There is a reassuring narrative about the political response to economic stress in modern democracies. As economic problems mount, they find increasing space in the rhetoric of political parties, both ruling and opposition. As elections approach, these parties, recognising the importance of the issue, outline what they would do to solve the problems. The electorate makes a dispassionate judgement on which party's proposals are more likely to work and vote accordingly. The winning party forms the government, implements its proposals, the problem is solved and everybody lives happily ever after ... or until the next shock hits and the cycle recurs.
But is this narrative even close to describing reality? Let's look at a few recent political outcomes in countries that are all unquestionably dealing with economic stress, to greater or lesser degree. In the United States, notwithstanding the dominant campaign theme that the status quo was completely unable to deal with the country's economic problems, the outcome saw it being fully preserved. The Democrats retained the White House and the Senate, but in the latter fell short of the filibuster-averting 60 mark, which now makes enacting legislation much more difficult. The Republicans retained the House of Representatives. This clearly makes it difficult to judge as to which party's proposal on solutions to economic problems was more credible.
In Greece and Italy, two of the most stressed European economies, the outcomes were completely fuzzy, with no party coming even close to a clear mandate, even as their governments were participating in complex external negotiations. Was this because none of the contesting parties had credible plans to deal with the situation? Or were the issues so complex that voters were simply unable to evaluate the respective strategies articulated by the parties in terms of their feasibility?
Of course, these examples do not tell the whole story. There have been outcomes with significant implications for economic policy. In the United Kingdom, the Labour Party was displaced by the Conservative-Liberal Democrat coalition, which initiated a substantial fiscal consolidation programme. More recently, the transition of power in Japan has resulted in an aggressive monetary expansion, which marks a dramatic departure from the Bank of Japan's approach in the past. It is too early to gauge the impact of these policies, but both instances do conform to the narrative of decisive political responses to economic stress.
The really interesting, though much more difficult to explain, outcomes are the 1996 and 2004 results. In the first, the economy had just entered a high-growth period (which, of course, proved to be short-lived), vindicating the government's position that its reorientation of economic policies would pay off - and fairly quickly at that. Again, in 2004, after a long period of modest growth (though not by historical standards), growth was picking up rather strongly and looked like it would persist for a while. Both situations seemed to favour the incumbent parties or coalitions, but the outcomes proved to be different. Obviously, other factors combined to offset the advantage that economic performance could potentially have afforded the incumbents. But that is also another story.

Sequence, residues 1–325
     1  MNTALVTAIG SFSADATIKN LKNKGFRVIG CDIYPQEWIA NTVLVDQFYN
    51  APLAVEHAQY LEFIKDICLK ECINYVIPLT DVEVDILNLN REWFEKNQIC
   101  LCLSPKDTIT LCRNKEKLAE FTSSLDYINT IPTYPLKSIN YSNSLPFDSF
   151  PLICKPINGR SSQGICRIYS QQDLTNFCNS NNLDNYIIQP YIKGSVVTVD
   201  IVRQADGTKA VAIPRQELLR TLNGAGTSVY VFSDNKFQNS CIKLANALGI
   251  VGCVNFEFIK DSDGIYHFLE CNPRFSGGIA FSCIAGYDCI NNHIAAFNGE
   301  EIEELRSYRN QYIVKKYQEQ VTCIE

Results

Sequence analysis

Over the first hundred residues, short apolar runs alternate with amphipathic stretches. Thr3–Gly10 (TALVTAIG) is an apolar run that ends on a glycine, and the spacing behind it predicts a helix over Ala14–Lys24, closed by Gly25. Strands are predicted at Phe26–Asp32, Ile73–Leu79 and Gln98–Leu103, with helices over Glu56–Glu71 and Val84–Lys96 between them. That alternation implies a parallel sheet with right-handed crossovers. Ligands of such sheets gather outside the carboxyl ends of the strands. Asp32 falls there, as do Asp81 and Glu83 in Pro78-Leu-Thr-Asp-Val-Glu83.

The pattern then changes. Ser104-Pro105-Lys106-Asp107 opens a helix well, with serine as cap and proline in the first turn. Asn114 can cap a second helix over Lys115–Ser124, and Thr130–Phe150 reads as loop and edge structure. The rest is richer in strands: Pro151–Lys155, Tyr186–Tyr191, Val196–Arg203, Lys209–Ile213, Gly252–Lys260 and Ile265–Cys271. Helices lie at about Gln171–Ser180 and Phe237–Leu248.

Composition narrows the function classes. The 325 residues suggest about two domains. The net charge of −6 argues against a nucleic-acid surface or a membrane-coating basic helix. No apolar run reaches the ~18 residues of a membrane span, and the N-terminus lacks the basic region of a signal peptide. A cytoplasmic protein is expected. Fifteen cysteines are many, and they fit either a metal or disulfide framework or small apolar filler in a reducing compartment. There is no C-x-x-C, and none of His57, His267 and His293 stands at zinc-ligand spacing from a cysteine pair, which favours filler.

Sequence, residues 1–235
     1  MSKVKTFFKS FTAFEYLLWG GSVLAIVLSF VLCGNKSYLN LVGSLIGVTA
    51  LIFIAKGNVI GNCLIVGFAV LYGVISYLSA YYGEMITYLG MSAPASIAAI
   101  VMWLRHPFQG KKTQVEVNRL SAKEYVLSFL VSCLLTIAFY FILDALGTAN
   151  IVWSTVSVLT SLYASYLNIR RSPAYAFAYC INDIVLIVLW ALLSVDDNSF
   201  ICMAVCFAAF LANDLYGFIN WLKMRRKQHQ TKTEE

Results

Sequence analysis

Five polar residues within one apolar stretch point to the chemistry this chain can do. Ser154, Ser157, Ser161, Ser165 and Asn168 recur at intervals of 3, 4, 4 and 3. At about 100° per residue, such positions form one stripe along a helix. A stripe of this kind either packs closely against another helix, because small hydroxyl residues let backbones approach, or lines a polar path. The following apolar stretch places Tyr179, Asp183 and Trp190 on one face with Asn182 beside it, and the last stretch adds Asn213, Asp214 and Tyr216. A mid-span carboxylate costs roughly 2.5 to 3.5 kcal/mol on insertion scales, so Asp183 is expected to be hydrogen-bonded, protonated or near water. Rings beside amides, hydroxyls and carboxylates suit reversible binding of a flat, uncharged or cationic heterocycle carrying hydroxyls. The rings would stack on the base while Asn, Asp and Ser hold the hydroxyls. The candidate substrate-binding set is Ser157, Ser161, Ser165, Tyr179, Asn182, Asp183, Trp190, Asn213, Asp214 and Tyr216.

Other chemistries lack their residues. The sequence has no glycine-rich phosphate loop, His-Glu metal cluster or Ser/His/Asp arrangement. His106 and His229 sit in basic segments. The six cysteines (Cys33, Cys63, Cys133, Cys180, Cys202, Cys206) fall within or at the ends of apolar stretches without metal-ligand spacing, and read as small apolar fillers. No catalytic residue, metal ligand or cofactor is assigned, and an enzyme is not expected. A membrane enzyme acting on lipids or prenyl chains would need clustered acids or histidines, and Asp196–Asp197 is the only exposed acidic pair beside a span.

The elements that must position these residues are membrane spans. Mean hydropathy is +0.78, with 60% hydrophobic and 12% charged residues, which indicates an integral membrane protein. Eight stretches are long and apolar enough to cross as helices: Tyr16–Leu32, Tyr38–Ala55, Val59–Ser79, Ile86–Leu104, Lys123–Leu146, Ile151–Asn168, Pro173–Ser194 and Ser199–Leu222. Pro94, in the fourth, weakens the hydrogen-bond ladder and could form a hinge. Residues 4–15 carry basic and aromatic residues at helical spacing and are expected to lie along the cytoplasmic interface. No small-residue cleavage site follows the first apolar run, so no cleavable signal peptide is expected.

If there is a bottom line to all of these examples, it is probably this: democracies facing economic stress can very well produce political outcomes that do not offer obvious solutions to the causes of that stress. This can, of course, be attributed to the role of several other factors in determining political outcomes. However, it is striking that even in situations in which the economic situation would be expected to have been by far the dominant issue in the campaign debate, the outcome did not reflect any clear preference for an approach.
The Indian experience suggests that while crisis can lead to reform, it is not very clear that this is the result of a decisive political mandate. In fact, the other two instances that I referred to suggest that incumbents are not necessarily rewarded for what may be perceived as good economic performance during their terms. This may imply, purely from the perspective of symmetry, that they are not penalised for adverse economic conditions during their term.
The complexity and fuzziness of the relationship between economic stress and political outcomes is an important factor as we look ahead to the prospects of recovery and growth acceleration over the coming years. Substantial improvement in economic governance and policy reorientation are being widely seen as critical to these prospects. In various ways, parallels are being drawn to 1991, when the policy initiatives following the elections apparently saved the day. But things could go other ways as well, as recent developments around the world have demonstrated. Electoral outcomes could provide no clarity at all as far as the citizens' preferred approach to economic policy and management is concerned.
While this constitutes a significant risk, for example, an unstable coalition with survival as its primary objective, it also provides an opportunity. This opportunity will be exploited or squandered away depending on how the national parties gear themselves up for the campaign. Public articulation of what each of them proposes to do to first achieve macroeconomic correction and then stimulate rapid, inclusive growth is absolutely critical to this. The argument that mass political campaigning does not need this kind of detailed communication is not tenable. Whether this action plan figures in the popular discourse or not - it should - the prospects for the economy could stand or fall on the soundness of the plan and the speed of its execution. This is essentially what defined 1991 and it could well make or break 2014.